But all of those buyers/sellers were below the $600/ft range. A buyer can only expect so much at that price point. We've had quite a few units sell in the $1000+/- sqft downtown, but I've never worked with those buyers/sellers.
All of this is more relevant to interior design and unit finishing, rather than the architecture. Really, the quality architecture when speaking of highrises never comes from residential highrises (although that isn't necessarily the case in Chicago and NYC), but rather from office buildings.
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  #393  
Old Posted Jun 9, 2017, 9:09 AM
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Quote:
Originally Posted by Dcbrickley View Post
I've sold quite a few condos downtown and owned one myself for a few years. I've noticed that the quality of construction and design for most of downtown properties lacks, and I believe that is due to the following

1. The demand to live downtown is such that buyers will purchase anything regardless of style/design.
2. Being a younger (new money) type of market, the buyers are not often educated to high design and don't demand it.....and probably could not afford it. Cities like Dallas-Houston (not to mention NYC & LA, etc), have a TON more money than Austin, have more museums, better fine arts, etc. Which, I believe, leads to buyers who demand more style.
3. I believe once the prices of newer units exceed $1000/ft, buyers will expect higher interior designs and "starchitects", who have a reputation to uphold with regard to design.

I believe we will reach those levels, but it will take time. As the boomers continue to retire and want a condo life downtown, they have the money and "style", and will demand a better building and appreciate a "starchitect".


I've never had a downtown condo buyer that even mentioned style/design. What matter most were;
1. price
2. view
3. size-value
4. location

But all of those buyers/sellers were below the $600/ft range. A buyer can only expect so much at that price point. We've had quite a few units sell in the $1000+/- sqft downtown, but I've never worked with those buyers/sellers.
That's a really thoughtful and helpful analysis, thanks for that. My time in the U.S. prior to moving overseas was always in a single-family home or suburban apartments...I could never afford a highrise as much as I would've liked to live in one.

Quote:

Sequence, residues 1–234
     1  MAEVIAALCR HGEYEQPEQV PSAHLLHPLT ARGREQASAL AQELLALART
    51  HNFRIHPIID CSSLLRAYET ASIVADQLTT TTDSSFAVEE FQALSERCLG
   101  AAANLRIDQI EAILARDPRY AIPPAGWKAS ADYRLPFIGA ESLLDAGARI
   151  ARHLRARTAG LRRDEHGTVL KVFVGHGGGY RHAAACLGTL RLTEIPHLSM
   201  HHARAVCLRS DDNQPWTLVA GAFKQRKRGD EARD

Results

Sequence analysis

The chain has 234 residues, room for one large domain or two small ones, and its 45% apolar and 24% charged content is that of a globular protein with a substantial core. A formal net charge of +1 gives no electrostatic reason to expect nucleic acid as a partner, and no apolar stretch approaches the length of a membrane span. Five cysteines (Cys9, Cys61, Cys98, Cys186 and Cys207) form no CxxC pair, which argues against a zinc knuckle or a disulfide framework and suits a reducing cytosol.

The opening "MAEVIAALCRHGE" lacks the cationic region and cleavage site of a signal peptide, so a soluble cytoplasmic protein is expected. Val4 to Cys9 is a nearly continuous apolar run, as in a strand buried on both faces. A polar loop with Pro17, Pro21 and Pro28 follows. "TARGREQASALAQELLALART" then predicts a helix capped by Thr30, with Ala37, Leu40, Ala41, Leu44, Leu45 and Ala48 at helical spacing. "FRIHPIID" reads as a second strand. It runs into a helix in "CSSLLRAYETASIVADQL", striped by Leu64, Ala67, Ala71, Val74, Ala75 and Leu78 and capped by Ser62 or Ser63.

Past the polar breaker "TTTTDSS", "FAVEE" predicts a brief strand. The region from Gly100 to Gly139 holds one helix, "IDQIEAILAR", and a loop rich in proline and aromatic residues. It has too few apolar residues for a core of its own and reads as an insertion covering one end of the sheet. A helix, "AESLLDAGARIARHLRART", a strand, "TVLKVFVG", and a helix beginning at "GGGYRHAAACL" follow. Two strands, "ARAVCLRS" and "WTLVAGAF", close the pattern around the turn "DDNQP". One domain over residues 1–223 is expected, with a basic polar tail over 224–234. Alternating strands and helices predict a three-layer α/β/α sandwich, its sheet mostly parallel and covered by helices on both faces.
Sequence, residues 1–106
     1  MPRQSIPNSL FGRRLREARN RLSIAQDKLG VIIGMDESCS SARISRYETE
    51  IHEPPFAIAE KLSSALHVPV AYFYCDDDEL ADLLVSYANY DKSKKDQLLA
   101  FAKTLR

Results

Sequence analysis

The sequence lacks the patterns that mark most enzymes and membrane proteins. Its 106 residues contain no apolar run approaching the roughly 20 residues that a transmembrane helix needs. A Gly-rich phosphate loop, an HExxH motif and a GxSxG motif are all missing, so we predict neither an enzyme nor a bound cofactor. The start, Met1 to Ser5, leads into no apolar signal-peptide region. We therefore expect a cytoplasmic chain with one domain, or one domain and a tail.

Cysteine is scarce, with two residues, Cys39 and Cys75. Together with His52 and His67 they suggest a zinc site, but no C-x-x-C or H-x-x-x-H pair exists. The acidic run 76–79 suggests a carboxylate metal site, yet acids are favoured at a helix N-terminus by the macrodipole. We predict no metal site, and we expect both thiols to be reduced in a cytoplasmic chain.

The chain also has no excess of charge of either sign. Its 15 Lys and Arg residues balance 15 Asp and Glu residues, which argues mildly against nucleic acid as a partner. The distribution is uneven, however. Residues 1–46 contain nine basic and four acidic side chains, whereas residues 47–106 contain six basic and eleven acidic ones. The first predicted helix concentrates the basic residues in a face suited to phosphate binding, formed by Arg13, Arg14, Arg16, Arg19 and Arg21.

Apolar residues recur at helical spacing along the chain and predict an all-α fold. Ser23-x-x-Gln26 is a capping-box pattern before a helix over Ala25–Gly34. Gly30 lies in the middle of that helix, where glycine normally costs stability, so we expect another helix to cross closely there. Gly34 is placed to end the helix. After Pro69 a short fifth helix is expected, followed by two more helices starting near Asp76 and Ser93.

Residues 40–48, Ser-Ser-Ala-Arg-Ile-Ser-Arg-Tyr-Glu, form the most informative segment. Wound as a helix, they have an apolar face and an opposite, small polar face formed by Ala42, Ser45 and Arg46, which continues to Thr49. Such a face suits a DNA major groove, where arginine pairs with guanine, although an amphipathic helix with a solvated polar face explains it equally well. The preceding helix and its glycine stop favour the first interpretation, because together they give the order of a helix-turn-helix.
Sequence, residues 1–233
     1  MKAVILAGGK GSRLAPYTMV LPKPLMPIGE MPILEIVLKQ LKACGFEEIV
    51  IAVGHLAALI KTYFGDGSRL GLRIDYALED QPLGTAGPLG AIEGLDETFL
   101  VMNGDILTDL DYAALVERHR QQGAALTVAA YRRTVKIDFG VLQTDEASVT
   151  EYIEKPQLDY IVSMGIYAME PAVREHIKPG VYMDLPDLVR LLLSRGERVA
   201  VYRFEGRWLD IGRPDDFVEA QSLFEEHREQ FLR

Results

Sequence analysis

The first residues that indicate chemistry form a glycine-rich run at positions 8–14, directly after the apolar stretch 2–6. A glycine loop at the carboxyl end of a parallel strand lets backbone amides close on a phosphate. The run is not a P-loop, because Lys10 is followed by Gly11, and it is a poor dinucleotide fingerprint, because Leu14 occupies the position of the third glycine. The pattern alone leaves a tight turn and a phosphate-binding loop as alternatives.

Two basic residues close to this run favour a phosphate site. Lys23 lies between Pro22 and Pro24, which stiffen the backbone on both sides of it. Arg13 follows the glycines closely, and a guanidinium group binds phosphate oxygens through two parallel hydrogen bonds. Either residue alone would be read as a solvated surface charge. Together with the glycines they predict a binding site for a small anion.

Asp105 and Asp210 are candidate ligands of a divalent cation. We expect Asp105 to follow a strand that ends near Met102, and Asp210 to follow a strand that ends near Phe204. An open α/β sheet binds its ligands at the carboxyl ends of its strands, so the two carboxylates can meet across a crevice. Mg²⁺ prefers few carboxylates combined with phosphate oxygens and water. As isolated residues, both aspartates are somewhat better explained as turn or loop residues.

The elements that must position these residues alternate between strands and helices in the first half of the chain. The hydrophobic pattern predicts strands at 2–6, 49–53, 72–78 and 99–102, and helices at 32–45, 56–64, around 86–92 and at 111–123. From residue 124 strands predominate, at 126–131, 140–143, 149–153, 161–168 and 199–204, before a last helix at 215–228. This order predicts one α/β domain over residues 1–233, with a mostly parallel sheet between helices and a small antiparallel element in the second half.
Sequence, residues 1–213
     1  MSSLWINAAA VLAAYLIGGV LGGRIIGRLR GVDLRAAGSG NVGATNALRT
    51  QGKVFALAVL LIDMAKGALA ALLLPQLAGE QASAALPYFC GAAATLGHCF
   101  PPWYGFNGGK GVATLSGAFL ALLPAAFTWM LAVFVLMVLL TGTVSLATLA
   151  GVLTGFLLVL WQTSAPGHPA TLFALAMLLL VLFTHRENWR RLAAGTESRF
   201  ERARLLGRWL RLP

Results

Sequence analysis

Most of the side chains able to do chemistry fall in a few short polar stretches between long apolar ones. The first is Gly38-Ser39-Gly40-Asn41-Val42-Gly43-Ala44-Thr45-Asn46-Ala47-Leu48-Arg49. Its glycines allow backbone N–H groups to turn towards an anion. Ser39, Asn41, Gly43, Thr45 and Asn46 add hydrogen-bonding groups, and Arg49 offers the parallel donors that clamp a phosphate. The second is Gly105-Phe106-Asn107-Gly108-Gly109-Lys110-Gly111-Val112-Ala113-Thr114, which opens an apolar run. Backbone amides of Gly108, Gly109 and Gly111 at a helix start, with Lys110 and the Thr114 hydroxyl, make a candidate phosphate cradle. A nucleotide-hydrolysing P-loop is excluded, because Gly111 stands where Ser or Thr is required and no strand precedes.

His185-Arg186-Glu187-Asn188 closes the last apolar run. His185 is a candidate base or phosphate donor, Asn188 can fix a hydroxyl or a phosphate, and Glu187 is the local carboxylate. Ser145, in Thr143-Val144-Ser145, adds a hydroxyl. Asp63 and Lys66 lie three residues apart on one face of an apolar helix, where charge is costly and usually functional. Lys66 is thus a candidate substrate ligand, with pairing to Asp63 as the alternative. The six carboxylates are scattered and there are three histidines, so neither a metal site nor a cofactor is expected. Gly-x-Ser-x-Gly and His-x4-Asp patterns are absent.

Originally Posted by wwmiv View Post
All of this is more relevant to interior design and unit finishing, rather than the architecture. Really, the quality architecture when speaking of highrises never comes from residential highrises (although that isn't necessarily the case in Chicago and NYC), but rather from office buildings.
I'd agree with that on some levels, but that is changing in DFW, Houston, and even Austin to a lesser degree. That said, when compared to most timeless towers, they're usually offices, etc., so you're definitely right. It seems to me that a lot of the newer, flashy towers throughout Asia (China, Thailand, etc., specifically) are mixed use...hotel, condos, and perhaps some offices.
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  #394  
Old Posted Jun 17, 2017, 1:16 AM
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  #395  
Old Posted Jun 19, 2017, 2:49 AM
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A few pictures from early this morning.





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  #396  
Old Posted Jun 19, 2017, 2:52 AM
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^ Look at all that crap in the balconies. Third world tenementish.
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  #397  
Old Posted Jun 19, 2017, 2:55 AM
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^ Look at all that crap in the balconies. Third world tenementish.
... yeah, because having furniture on your balcony is a trait only found in third world tenements...
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  #398  
Old Posted Jun 19, 2017, 3:01 AM
sammyk sammyk is offline
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... yeah, because having furniture on your balcony is a trait only found in third world tenements...
Oh calm down, it was just a joke.

Besides, it didn't look like just furniture, I didn't put the picture under a microscope.
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  #399  
Old Posted Jun 19, 2017, 3:20 AM
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... yeah, because having furniture on your balcony is a trait only found in third world tenements...
I'd rather remark about the low quality of the architecture of that building than the patio furniture of the people living in it.

Come to think of it, I'd rather thank AusTxDevelopment for the nice photos that allow us to peer into the lives of those people.
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  #400  
Old Posted Jun 19, 2017, 4:12 AM
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I'd rather remark about the low quality of the architecture of that building than the patio furniture of the people living in it.

Come to think of it, I'd rather thank AusTxDevelopment for the nice photos that allow us to peer into the lives of those people.
I thanked him in the DMs.